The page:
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2009/09/03 10:52 KST
NORTH KOREA NEWSLETTER NO. 70 (September 3, 2009)


Koreas Agree on First Family Reunions in 2 Years in Sign of Thawing Ties

SEOUL (Yonhap) -- South and North Korea agreed last week to again hold reunions for families separated by the Korean War more than half a century ago, to be the first in nearly two years, in a sign of thawing cross-border ties. The sides reached the agreement on their third and final day of talks on Aug. 28 at the North's Mt. Kumgang resort.

   The countries released a joint statement setting a new round of family reunions for Sept. 26 to Oct. 1, shortly before the traditional Korean holiday of Chuseok. Arranged by the Red Cross offices on both sides, they are to be held at the scenic mountain on North Korea's east coast.

   The agreement was one of the latest signs that North Korea may be shifting towards reconciliation with the South. A visit by a North Korean delegation to Seoul following the death of former South Korean President Kim Dae-jung and the normalization of cross-border traffic near the Kaesong joint industrial park shortly after the reunion talks have also signaled that relations may be warming on the peninsula.

   Also on Aug. 28, during the negotiations, North Korea said it would return four South Korean fishermen captured after their boat went astray on July 30. Pyongyang delivered on that promise the following day, removing another hurdle for the future of inter-Korean ties.

   But the two sides made little progress over the contentious issue of war prisoners and missing civilians. Seoul has pushed for locating prisoners from the 1950-53 Korean War and civilians who were allegedly detained by the North during the Cold War era -- mostly fishermen whose boats had strayed into North Korean waters -- but those issues were excluded from the joint statement. Pyongyang kept the negotiations narrowly focused on the main agenda item of setting the schedule.

   Seoul estimates about 1,000 former prisoners and other South Koreans are still alive in the North, though Pyongyang says it is not holding anyone against their will.

   "These were the first Red Cross talks under this administration. It's been so long, and we tried hard to produce good results, but not everything came out the way we'd intended," Kim Young-chel, South Korea's chief delegate to the talks and secretary general of the Red Cross Society in Seoul, told pool reporters.

   The reunion event will run for three days and bring together 100 relatives from either side of the border. During the traditional Chuseok holiday period that falls on the first week of October this year, Koreans return to their rural hometowns to give thanks to their ancestors and celebrate the fall harvest.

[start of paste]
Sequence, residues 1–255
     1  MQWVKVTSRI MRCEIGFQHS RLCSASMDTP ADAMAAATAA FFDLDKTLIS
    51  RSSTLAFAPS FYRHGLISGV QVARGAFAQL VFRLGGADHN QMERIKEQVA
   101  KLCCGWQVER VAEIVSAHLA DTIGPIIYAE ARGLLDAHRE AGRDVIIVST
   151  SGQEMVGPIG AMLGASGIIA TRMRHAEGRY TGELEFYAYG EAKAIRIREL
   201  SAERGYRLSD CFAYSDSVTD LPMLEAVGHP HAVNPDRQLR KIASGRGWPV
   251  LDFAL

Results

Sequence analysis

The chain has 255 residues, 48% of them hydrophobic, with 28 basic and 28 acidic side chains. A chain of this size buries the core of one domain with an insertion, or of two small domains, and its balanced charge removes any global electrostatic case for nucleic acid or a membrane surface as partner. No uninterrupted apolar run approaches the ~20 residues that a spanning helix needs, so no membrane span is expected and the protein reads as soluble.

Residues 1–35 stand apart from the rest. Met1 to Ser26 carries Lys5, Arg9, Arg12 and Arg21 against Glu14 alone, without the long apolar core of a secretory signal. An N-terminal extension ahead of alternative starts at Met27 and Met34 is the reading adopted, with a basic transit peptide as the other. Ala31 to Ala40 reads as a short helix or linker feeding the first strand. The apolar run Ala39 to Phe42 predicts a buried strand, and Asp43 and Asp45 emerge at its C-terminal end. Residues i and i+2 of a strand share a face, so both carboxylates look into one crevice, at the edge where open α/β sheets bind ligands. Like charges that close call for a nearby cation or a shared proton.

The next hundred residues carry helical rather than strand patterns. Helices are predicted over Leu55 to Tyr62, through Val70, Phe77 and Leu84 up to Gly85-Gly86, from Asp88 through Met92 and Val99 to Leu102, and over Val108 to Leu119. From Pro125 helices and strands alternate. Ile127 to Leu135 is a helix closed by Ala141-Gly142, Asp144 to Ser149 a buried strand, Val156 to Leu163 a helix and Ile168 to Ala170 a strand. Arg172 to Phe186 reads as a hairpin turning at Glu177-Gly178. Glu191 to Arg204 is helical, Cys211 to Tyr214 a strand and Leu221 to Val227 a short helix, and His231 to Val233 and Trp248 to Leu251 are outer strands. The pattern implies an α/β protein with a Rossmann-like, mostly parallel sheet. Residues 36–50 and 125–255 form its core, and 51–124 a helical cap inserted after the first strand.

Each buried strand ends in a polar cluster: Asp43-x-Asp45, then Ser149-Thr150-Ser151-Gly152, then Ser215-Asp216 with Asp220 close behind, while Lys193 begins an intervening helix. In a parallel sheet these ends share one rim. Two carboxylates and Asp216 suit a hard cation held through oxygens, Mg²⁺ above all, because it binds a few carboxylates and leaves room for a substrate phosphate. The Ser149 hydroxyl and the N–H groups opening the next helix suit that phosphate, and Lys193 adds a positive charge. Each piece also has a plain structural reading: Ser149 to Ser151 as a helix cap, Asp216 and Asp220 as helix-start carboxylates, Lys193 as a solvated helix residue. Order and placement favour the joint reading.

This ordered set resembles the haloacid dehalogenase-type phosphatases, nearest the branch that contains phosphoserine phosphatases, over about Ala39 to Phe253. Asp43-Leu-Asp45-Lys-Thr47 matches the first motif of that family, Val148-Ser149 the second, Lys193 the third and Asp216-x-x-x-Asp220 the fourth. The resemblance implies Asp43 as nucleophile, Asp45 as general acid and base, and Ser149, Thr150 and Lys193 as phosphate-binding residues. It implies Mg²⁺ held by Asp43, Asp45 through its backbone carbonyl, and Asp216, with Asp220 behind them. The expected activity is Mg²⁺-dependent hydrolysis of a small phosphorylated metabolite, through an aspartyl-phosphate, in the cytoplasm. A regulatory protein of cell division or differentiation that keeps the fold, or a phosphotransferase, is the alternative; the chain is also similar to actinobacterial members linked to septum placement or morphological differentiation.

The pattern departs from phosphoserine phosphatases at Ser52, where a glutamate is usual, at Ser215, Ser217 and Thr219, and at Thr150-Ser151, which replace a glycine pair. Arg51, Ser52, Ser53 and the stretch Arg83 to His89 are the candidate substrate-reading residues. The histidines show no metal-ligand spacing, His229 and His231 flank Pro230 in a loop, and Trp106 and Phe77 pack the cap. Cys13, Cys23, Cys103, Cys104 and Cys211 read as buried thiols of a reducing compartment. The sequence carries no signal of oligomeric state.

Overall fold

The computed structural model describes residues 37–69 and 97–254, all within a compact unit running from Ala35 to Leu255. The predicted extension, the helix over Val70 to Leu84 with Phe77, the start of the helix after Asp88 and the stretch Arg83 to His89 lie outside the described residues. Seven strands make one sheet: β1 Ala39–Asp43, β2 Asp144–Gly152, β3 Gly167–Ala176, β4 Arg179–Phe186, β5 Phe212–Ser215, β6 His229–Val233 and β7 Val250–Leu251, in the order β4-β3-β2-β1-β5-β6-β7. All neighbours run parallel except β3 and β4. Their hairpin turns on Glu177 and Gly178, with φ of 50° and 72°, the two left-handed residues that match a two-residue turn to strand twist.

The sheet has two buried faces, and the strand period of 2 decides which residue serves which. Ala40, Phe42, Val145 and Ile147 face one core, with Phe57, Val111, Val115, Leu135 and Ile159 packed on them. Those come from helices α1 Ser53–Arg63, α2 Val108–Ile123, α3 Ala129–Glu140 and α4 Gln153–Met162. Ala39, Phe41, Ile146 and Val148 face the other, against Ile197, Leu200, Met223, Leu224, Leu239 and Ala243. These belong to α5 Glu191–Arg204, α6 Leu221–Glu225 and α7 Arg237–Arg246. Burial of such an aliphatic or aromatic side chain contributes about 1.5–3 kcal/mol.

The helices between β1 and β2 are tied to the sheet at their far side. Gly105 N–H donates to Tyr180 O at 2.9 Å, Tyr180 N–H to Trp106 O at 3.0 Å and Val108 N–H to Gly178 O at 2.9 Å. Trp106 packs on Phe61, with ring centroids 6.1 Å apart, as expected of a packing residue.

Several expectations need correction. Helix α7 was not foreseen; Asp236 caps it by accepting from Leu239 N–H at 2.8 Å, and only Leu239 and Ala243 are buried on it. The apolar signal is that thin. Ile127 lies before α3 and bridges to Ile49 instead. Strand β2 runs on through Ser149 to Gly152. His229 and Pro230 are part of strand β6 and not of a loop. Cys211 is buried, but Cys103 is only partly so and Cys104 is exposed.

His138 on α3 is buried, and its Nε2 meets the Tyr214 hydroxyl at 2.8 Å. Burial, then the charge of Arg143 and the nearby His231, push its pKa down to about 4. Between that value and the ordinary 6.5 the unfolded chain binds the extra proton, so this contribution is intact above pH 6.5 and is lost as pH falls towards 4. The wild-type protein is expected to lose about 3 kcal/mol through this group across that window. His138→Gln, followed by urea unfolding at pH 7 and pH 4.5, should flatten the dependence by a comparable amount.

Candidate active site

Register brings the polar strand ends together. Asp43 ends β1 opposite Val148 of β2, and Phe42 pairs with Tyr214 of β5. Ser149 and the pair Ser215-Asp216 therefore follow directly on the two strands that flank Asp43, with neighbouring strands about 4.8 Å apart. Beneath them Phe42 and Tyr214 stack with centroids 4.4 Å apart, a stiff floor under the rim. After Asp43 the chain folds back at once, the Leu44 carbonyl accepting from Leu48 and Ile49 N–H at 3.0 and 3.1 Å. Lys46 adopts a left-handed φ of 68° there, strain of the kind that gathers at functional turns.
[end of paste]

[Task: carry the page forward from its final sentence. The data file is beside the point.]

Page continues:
About 600,000 South Koreans are believed to have relatives in the North. Ordinary citizens are not allowed to make phone calls, send letters or exchange e-mails across the border.

   In a follow-up measure, Red Cross offices of the two Koreas exchanged the names of 200 candidates for the family reunions on Sept. 1, but officials at South Korea's Red Cross were still receiving phone calls and visits from separated family members who want to apply.

   North Korean media reported the news of the agreement. In a dispatch on the reunions, the official Korean Central News Agency said the Koreas will continue talks on the humanitarian issues "from the standpoint of developing inter-Korean relations."

   Choson Sinbo, a newspaper in Japan that reflects North Korea's official position, ran a report Aug. 27 saying North Korean leader Kim Jong-il has decided to break the impasse in inter-Korean relations. The upcoming family reunions "will be a new watershed in improving inter-Korean relations," the report said. "With the (North Korean) supreme leader's resolution in August this year, a breakthrough has been made in the inter-Korean stalemate."

   Experts in Seoul said the reunion accord has offered a fresh ray of hope that Seoul and Pyongyang will be able to mend their ties. But they stressed the two nations still have a long way to go if they hope to restore the conciliatory mood seen during Seoul's past two liberal adminstrations -- especially given South Korea's commitment to United Nations sanctions imposed on North Korea for its recent nuclear and missile tests.

   "We can read the agreement as a virtual resumption of talks between the two governments," said Kim Yong-hyun, a professor of North Korean studies at Dongguk University in Seoul. "It is the first achievement for the Lee Myung-bak government within the inter-Korean context."

   Kim was guarded in optimism, however, saying that any thaw will have to come in the context of progress on North Korea's nuclear issue and the country's relations with the U.S. "Within the nuclear issue, the North cannot afford to neglect its relations with the South. That is also what the U.S. wants," said Kim.

   Yoo Ho-yeol, a political science professor at Korea University in Seoul, said North Korea was softening toward the South with the larger goal of improved relations with the U.S.

   "What is crucial for the current (South Korean) administration's North Korea policy is to maintain a calm stance, regardless of any given political situation, while keeping a consistent demand that the North shift its policy," Yoo said.